RLS: I begin by creating the alien, not the hero. The hero-ing bit can pretty much take care of itself. What matters most with any character is capturing the essence of who he/she is and understanding how much of his/her personality should be culturally derived, so when I get serious about writing a book, the first thing I create is not the character, but the world. Once I get a solid grip on where my hero comes from, I can start to understand who he is. And to begin with, I don’t worry so much about making him relatable. Too many paranormal/sci-fi books these days have completely human characters masquerading as aliens/fae/vampires/whatever. Blah blah superpowers blah blah stripes blah glowing eyes, but in every other respect, in all the ways it matters, they think, talk, and especially act just like a contemporary Western twenty-something human. I believe that aliens should be alien. Focus on the ways they are different so that when you finally start to bring your humans and non-humans together, it means something
RK: You write many epic length novels rather than the current trend of shorter series style (except for LORDS OF ARCADIA). How have readers responded?
RLS: The length of my books is one of the first things just about every reader mentions, but overwhelmingly, the comment is that they are SO long, not TOO long. Many of my readers have told me that being able to sink into a story for a whole weekend (if not a whole week) is one of the best things about my books. The fact is, as a reader, I like long books. And as a writer, I believe the book should be as long as the story takes to tell. Period. Plus, I’m a terrible judge when it comes to predicting how long a book will be. When sitting down to start The Last Hour of Gann and Cottonwood, I made the portentous remark that there wasn’t a lot of story in Gann and it would probably be the shortest thing I ever wrote. It turned into the longest (to date). Whereas Cottonwood came in at half the size I thought it would be.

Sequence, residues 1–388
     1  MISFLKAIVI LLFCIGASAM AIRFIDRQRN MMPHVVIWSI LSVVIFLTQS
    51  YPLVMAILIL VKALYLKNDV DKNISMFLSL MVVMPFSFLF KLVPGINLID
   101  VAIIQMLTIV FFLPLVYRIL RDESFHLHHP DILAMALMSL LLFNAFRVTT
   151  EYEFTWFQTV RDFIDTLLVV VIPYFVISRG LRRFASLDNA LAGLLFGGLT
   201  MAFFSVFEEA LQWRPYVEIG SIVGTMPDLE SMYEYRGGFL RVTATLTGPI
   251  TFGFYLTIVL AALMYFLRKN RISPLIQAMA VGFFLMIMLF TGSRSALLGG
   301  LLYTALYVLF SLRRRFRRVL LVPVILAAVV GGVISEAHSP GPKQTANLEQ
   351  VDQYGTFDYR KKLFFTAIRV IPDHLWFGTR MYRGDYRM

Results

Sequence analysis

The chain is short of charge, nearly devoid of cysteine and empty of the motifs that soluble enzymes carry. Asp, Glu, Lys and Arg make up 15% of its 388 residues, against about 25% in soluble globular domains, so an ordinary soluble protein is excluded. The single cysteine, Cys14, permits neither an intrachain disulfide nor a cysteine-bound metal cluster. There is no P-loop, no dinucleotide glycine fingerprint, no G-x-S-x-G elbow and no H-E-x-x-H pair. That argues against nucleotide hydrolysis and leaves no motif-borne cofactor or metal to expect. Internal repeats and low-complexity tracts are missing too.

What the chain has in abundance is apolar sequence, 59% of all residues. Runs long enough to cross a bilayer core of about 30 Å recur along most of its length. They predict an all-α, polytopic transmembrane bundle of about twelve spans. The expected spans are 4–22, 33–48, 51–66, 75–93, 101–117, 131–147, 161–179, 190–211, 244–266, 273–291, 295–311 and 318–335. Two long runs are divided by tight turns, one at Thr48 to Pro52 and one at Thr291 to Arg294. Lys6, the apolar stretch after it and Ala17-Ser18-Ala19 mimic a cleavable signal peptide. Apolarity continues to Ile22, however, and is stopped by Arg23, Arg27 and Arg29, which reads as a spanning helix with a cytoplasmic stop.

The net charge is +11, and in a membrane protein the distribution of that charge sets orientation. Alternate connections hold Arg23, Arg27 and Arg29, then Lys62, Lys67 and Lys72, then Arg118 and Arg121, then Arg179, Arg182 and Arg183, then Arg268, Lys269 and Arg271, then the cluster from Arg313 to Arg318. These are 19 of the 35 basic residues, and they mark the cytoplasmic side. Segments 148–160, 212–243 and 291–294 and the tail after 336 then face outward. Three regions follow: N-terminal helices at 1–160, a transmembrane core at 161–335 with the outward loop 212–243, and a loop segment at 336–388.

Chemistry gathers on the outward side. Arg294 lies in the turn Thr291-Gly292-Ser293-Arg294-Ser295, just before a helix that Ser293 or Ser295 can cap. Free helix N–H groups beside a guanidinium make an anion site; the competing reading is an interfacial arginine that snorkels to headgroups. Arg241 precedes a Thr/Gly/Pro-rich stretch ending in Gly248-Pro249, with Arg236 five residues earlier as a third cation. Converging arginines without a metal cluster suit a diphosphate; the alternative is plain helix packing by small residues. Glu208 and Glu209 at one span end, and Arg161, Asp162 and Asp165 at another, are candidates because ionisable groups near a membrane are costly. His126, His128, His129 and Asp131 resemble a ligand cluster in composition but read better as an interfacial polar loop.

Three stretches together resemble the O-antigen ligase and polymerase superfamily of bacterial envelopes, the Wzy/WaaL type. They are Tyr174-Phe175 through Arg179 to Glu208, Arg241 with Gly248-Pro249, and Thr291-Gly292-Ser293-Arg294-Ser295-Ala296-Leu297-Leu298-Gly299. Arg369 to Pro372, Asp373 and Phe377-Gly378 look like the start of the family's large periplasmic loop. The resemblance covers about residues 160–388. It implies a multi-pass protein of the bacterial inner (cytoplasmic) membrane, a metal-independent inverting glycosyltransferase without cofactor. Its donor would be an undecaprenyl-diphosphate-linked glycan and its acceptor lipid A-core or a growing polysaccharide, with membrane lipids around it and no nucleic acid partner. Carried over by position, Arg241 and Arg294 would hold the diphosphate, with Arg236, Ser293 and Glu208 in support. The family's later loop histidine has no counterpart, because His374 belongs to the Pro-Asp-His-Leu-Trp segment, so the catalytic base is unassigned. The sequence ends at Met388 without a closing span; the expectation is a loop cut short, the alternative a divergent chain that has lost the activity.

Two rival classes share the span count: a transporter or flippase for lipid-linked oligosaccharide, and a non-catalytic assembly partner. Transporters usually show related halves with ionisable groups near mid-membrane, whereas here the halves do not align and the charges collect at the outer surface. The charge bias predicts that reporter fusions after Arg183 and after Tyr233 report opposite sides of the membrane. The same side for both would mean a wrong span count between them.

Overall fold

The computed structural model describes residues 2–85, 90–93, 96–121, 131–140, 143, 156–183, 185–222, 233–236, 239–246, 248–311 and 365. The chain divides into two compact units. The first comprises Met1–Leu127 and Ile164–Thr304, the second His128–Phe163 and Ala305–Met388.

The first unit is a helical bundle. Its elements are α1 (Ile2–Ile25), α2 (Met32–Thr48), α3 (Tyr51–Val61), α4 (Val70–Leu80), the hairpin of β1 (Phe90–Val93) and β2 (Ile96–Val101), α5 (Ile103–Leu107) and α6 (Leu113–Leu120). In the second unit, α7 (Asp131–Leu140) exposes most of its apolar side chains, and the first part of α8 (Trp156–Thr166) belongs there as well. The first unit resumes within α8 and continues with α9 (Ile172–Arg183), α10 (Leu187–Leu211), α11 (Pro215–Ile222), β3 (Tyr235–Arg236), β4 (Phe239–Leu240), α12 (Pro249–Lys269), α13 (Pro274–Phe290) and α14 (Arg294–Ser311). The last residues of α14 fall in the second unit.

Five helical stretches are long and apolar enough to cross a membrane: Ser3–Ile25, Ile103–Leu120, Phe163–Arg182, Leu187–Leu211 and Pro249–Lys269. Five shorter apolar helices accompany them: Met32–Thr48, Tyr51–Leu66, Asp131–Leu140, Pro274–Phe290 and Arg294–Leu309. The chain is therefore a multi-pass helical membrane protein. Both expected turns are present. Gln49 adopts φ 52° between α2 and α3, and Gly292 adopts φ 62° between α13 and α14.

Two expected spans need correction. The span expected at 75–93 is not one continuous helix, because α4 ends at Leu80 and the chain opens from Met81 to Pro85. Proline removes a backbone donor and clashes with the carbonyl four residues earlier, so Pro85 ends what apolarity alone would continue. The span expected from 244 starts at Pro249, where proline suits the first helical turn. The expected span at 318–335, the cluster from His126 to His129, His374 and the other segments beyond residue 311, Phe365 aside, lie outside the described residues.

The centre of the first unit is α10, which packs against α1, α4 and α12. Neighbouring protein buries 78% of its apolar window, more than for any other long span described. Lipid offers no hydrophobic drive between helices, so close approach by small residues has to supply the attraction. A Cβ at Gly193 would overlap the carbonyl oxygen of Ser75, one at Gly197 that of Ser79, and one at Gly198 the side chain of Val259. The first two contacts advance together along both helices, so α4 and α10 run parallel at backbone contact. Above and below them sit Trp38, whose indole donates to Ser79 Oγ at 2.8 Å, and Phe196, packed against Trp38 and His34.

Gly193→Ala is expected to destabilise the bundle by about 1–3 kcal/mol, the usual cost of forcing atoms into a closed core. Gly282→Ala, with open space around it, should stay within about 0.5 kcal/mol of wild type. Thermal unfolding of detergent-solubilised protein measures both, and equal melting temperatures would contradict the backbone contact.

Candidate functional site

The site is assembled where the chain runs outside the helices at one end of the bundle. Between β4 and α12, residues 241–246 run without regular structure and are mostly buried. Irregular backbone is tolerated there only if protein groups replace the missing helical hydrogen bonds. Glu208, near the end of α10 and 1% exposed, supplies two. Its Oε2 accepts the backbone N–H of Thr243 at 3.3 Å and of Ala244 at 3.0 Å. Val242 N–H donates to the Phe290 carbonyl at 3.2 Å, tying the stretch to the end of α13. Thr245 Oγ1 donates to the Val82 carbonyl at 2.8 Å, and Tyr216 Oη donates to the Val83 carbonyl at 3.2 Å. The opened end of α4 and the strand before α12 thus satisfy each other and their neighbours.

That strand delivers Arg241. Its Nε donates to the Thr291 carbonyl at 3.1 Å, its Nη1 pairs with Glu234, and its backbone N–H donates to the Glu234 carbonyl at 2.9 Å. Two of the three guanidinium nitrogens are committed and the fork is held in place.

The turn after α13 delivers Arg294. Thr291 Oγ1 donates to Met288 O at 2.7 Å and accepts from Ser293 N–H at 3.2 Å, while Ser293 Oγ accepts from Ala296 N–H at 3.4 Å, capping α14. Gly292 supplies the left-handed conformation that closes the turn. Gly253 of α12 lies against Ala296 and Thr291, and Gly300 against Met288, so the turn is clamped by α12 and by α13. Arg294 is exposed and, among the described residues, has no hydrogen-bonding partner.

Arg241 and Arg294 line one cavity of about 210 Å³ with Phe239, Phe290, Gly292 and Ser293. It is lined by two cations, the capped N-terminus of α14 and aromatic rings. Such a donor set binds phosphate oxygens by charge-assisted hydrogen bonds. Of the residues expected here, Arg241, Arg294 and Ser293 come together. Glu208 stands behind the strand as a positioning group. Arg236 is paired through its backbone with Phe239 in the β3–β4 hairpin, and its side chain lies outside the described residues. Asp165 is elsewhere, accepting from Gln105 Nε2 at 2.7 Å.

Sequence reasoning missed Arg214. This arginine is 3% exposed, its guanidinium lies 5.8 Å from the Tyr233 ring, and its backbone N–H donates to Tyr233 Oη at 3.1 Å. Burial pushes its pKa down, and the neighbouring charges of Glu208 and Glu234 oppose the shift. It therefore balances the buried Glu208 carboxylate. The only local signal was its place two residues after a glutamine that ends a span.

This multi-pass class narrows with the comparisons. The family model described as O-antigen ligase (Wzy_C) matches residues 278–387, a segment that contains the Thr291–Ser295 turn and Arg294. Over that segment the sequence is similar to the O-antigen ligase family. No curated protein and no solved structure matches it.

RK: Do you have an inspiration for your novels?
RLS: Oh gosh, name me a novel, I’ll tell you the origins. And yes, most of them have more than one. My dreams provide a lot of inspiration for specific scenes. I’m a very vivid dreamer and many of my dreams come “complete,” with cohesive plots that continue to make sense even after I wake up. Once in a while, I’ll even have a dream with opening and closing credits (I watch a lot of movies). Beyond that, there’s a certain element of ‘What if’ that motivates me to write. The origins of Olivia are rooted, believe it or not, in The Creature From the Black Lagoon. Specifically, the scene wherein said creature absconds with the limp dishrag that is supposed to be the love interest. I remember watching that and thinking, ‘Why? What possible reason could he have to abduct her?’ And the more I thought about it, the more sympathetic he started to be to me, and then I had to imagine a whole bunch of Creatures, an entire lagoon’s worth, so to speak, all of them as desperate and driven as he. The Lords of Arcadia books are riddled with scenes and characters that came out of old dreams, but the entire series owes pretty much everything to an offhand comment my mother once made, in which she remarked that as a child, I would often set off in search of monsters, and that she was always a little concerned as to what would happen if I ever found one. The Last Hour of Gann and Cottonwood both were born from a rebellion against the terrible way we depict aliens in movies and the laughably heroic light in which we portray ourselves as we rage/slaughter them on their own planets. Now that I think about it, most of my books contain at least one scene that began with the words, “Just once, I’d like to read a book where they don’t do that.”
RK: What attracts you to SF romance?
RLS: Is that what I’m writing these days? I always thought it was horror erotica…
Stay tuned for tomorrow’s post in which R. Lee Smith will talk about upcoming projects plus a sneak preview of the forthcoming book.